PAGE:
Rodin – Realism In Art

AT the end of the long rue de l’Universite, close to the Champ-de-Mars, in a corner, so deserted and monastic that you might think yourself in the provinces, is the Depot des Marbres.

Here in a great grass-grown court sleep heavy grayish blocks, presenting in places fresh breaks of frosted whiteness. These are the marbles re-served by the State for the sculptors whom she honors with her orders.

Along one side of this courtyard is a row of a dozen ateliers which have been granted to different sculptors. A little artist city, marvellously tranquil, it seems the fraternity house of a new order. Rodin occupies two of these cells ; in one he houses the plaster cast of his Gate of Hell, astonishing even in its unfinished state, and in the other he works.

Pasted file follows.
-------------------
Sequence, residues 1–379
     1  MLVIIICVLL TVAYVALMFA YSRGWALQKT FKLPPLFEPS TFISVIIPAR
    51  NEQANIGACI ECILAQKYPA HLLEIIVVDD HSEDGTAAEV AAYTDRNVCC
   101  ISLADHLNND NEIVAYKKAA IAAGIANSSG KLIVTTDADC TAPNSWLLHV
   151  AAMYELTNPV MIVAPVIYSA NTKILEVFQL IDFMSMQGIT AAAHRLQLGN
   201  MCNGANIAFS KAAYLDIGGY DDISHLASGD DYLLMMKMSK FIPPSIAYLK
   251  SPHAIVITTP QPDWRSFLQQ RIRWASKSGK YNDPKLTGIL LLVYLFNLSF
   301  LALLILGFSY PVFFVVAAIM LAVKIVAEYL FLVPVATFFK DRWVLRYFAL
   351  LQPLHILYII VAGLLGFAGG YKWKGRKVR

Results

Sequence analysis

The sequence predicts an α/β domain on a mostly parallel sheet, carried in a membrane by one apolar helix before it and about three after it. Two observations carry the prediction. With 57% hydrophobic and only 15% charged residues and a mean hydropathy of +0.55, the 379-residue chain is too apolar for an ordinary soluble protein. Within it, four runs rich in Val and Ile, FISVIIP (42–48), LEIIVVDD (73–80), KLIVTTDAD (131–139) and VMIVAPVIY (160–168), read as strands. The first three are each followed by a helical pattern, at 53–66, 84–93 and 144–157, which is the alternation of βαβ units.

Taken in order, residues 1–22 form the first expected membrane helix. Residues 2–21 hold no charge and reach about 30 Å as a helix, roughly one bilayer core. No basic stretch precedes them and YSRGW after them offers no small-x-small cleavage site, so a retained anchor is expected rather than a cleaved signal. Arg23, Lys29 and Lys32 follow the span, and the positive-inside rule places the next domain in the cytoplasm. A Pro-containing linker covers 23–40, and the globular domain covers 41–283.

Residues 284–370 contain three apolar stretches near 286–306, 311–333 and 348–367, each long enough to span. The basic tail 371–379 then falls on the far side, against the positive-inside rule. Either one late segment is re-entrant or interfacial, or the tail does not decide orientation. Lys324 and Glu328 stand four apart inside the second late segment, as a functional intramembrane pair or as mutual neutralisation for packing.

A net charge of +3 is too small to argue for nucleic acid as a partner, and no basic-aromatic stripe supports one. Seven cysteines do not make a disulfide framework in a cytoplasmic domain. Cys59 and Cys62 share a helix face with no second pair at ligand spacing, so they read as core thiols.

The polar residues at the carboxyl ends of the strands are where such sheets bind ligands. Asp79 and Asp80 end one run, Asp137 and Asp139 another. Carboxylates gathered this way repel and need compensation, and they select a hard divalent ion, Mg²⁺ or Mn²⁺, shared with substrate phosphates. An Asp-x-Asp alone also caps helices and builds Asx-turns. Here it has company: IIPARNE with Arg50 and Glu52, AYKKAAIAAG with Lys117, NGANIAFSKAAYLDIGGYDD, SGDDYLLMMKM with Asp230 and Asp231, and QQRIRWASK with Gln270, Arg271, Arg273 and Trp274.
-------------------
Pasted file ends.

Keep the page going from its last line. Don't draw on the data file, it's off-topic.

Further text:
More than once I have been to see him here towards evening, when his day of toil drew to its close, and taking a chair, I have waited for. the moment when the night would oblige him to stop, and I have studied him at his work. The desire to profit by the last rays of daylight threw him into a fever.

I see him now, rapidly shaping his little figures from the clay. It is a game which he enjoys in the intervals of the more patient care which he gives to his big figures. These sketches flung off on the instant delight him, because they permit him to seize the fleeting beauty of a gesture whose fugitive truth would escape deeper and longer study.

His method of work is singular. In his atelier several nude models walk about or rest.